When the final tabulations are counted this afternoon, many of those areas – especially towns further to the south – will be adding even more depth to those totals.

On the plus side, temperatures were moderate by winter storm standards, ranging from the high teens to the mid-20s.

The nearly stationary band of snow remained in place all day and into Tuesday evening, relentlessly blitzing areas along the Lake Erie shoreline and across most of Erie County south of the Thruway, according to radar images.

The storm shifted further into southern Erie County during the evening hours, losing some of its steam but still dropping additional accumulation in the Boston Hills area and into Wyoming County.

The lake-effect storm was expected to creep back up north this morning, but showing a more merciful side. Expected new totals will likely be counted in inches instead of with yard sticks.

Southtowners won’t get much of a window to dig out from Tuesday’s snowfall, which cut visibility to near zero for hours on end as heavy snow quickly piled up on roadways, in parking lots and driveways far faster than they could be plowed.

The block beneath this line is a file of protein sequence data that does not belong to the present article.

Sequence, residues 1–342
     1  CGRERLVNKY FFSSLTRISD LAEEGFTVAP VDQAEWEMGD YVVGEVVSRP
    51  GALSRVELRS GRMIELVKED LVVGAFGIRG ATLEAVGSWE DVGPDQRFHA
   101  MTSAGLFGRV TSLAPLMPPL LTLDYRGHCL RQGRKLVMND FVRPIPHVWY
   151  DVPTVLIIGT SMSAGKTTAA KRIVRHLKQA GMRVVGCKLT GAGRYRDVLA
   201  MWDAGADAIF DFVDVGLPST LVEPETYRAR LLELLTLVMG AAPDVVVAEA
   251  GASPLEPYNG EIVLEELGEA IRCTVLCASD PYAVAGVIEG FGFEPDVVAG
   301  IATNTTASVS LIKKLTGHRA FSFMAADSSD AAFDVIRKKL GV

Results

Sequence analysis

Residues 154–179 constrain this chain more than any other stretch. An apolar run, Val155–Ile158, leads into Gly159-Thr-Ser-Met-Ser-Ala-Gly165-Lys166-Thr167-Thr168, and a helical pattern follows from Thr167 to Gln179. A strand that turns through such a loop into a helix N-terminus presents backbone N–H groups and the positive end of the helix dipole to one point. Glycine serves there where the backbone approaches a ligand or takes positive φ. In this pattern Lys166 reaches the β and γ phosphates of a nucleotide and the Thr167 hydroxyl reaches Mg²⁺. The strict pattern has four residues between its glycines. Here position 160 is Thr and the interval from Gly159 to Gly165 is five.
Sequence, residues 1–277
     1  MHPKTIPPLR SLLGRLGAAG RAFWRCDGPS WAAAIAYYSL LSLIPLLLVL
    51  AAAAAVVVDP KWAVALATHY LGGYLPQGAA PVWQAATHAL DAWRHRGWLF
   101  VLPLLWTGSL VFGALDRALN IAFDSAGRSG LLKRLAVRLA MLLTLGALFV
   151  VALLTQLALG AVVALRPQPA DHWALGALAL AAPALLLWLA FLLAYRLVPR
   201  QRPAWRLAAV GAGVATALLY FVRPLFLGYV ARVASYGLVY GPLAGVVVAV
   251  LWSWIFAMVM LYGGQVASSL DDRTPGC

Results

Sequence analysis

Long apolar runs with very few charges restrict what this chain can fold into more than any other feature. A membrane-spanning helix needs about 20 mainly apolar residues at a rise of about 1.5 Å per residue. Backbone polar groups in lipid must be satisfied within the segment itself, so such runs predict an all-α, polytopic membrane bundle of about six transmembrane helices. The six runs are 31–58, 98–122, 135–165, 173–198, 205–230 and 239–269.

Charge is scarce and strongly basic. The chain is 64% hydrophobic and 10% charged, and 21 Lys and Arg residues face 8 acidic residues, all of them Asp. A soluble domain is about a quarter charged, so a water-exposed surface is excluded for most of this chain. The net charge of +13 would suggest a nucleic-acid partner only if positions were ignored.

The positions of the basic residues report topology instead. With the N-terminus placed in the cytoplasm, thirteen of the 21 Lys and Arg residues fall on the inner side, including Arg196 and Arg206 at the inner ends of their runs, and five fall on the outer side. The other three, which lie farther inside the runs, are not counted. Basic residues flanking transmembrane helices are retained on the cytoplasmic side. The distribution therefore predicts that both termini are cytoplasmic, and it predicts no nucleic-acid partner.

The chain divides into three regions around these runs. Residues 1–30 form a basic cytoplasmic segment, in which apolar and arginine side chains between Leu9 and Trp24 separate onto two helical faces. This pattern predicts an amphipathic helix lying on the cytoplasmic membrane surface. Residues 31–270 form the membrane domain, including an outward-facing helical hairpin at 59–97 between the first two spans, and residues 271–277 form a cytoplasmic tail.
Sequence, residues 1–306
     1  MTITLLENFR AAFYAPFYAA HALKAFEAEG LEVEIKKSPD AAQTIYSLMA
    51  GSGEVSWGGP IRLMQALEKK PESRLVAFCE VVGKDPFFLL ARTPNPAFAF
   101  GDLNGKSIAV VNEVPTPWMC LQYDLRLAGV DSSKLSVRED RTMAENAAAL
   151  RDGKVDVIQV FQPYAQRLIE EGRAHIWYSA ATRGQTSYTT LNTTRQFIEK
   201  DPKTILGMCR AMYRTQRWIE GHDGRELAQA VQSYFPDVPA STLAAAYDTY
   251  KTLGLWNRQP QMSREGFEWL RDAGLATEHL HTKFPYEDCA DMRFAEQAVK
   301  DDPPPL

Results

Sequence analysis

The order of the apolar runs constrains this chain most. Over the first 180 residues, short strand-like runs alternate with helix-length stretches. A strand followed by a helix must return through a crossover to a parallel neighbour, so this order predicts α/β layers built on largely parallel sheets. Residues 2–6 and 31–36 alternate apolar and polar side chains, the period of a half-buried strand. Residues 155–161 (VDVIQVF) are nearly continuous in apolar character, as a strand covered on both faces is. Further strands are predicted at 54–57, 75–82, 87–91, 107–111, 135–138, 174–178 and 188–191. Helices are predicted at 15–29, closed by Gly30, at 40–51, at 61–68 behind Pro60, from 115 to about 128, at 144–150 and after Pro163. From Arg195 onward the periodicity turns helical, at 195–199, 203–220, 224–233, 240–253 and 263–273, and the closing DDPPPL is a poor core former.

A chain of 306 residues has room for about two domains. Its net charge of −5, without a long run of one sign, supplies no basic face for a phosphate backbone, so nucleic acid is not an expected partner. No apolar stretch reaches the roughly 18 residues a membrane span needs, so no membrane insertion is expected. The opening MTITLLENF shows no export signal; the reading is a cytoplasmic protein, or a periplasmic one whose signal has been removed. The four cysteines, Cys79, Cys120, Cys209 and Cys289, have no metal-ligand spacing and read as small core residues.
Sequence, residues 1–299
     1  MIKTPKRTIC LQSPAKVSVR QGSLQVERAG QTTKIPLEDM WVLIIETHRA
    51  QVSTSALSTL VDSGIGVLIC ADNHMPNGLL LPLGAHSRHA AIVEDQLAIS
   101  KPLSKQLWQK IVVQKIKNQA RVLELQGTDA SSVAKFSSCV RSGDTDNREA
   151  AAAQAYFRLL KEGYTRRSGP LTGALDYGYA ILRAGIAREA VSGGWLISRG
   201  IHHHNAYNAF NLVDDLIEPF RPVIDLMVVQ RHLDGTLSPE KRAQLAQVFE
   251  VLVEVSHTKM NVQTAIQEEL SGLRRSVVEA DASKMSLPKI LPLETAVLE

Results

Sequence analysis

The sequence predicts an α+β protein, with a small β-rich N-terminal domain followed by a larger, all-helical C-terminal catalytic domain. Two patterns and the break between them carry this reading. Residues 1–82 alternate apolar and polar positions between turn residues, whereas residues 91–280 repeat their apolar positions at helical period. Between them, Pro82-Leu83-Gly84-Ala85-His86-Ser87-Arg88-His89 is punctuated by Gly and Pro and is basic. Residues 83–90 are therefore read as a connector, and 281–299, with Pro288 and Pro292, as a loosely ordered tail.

Route 5 – the main artery along the lake shore between Dunkirk and Buffalo – was impassable in most areas Tuesday.

Numerous cars were abandoned in ditches between Angola and Lakeview, and some of them became unrecognizable as they were buried beneath the deep snow and drifts.

Despite the travel ban, some ventured out, hoping to traverse the road in spite of the hazardous elements.

Tuesday afternoon, law enforcement turned away any motorists along Route 5 at Lakeview Road headed toward the city.

At that stretch of Route 5, the snow had accumulated at least a foot or more in the roadway. And, because of the heavy snowfall, there was little way to differentiate one side of the road from the other or to see any landmarks or street signs along the way.

Plows are useless when the snow is more than 2 or 3 feet deep, authorities said.

“You need heavy equipment,” said meteorologist Jon Hitchcock.

All 35 pieces of the City of Buffalo’s heavy equipment was dispatched to South Buffalo to help clear streets.

“This is a very, very intense storm – one of those record storms we’re going to remember beyond this date,” said Steven Stepniak, Buffalo’s public works commissioner, during a late-afternoon news conference. “It’s no longer a pushing event. It’s now a hauling event.”

A second lake-effect storm – driven by the same factors as the first: frigid air and a gusty west wind with just the right trajectory – is expected to pelt many of the same areas as were hit on Tuesday.

Tweeted Poloncarz late Tuesday: “Some parts of our county are going to receive a year’s worth of snowfall in three days.”